I suspect this fell down from the hillside above, years ago, and then the debris around it got washed away.

Dang, this hill went up a long way...
Another roadside snack stop.
Strange terrain at the top of this hill.
Still not the last fjord!
Pleased to be up here!
Looking back from a long, careful climb.
Things have names out here?
Such an interesting texture. Like the plates on a turtle.
I'm not sure what this marker is for. It was driven into the ground about ten feet from the edge of the road.
So much green!
Such lovely colors...
One of the larger fjords, but it had a narrow span suitable for my bike.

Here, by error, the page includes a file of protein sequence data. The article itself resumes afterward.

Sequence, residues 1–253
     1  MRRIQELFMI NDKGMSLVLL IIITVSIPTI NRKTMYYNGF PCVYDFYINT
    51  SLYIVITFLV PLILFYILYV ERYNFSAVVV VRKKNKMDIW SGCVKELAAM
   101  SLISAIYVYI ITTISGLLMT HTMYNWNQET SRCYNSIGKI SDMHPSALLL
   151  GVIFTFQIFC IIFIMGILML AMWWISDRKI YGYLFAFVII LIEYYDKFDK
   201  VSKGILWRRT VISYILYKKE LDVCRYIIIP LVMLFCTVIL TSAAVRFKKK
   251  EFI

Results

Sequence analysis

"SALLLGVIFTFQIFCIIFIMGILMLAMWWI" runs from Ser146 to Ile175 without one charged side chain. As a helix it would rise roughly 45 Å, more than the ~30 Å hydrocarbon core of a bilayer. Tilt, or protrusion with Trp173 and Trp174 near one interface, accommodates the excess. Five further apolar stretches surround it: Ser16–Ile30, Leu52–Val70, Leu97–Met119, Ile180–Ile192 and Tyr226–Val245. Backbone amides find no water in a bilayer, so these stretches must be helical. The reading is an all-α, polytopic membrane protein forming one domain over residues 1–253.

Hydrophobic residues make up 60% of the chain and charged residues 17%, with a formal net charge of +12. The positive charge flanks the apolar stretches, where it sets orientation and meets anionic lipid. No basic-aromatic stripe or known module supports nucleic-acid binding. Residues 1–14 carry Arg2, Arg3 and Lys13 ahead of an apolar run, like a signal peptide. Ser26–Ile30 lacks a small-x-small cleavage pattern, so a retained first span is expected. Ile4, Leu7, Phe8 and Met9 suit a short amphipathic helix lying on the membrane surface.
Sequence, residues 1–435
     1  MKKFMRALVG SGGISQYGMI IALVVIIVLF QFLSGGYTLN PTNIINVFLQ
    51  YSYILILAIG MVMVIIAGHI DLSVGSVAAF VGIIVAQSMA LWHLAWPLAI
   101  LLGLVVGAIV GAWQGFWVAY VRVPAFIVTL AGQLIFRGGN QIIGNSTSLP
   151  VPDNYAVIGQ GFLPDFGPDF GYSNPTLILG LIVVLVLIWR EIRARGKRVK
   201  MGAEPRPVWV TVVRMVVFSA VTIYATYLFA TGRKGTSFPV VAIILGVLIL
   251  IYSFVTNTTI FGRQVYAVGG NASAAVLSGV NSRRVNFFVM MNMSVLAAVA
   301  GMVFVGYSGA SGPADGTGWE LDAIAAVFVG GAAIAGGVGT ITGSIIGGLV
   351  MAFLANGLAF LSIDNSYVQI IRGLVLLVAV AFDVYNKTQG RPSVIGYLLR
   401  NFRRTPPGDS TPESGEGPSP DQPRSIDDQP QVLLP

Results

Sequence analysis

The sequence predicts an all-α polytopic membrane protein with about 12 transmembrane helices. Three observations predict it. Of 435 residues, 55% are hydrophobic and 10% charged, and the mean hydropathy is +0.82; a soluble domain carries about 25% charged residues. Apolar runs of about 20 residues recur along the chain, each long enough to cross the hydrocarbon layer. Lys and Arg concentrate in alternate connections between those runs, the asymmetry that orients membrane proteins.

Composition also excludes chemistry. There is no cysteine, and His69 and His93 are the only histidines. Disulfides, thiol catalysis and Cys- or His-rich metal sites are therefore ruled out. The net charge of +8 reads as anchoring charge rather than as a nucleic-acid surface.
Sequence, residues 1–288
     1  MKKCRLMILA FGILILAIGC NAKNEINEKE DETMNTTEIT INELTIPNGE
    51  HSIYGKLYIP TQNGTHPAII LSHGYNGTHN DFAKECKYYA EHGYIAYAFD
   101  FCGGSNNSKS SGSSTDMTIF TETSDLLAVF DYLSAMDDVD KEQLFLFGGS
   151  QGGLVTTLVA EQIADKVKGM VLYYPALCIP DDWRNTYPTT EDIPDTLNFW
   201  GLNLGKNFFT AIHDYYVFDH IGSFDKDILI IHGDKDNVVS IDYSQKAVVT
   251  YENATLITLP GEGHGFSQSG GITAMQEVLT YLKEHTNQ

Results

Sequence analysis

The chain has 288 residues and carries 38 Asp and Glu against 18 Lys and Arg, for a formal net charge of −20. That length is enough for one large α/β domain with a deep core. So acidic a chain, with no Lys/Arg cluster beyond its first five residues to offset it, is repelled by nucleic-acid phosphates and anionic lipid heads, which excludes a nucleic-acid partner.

Pausing halfway across for a photo.
It's not deep, but the tires tend to sink into the rocks.
Snacking and pedaling!
The last valley before the big downhill.

These rocks are here as a polite reminder that people shouldn't go joyriding away from the road.

The last fjord -- in the highlands at least.

My constant companion.


Ugh, this hill was steep.
It's not a rock... It's some kind of article of clothing, smashed into the road.
I do believe I'm looking at a mangled pair of shorts.
The reward for that climb: An incredible panorama.
Hundreds of square miles of wandering river, in one view.

Deep channels eroded into the hills from meltwater streams.

Partway down, leaning on the brakes. A fall onto this at speed would be brutal.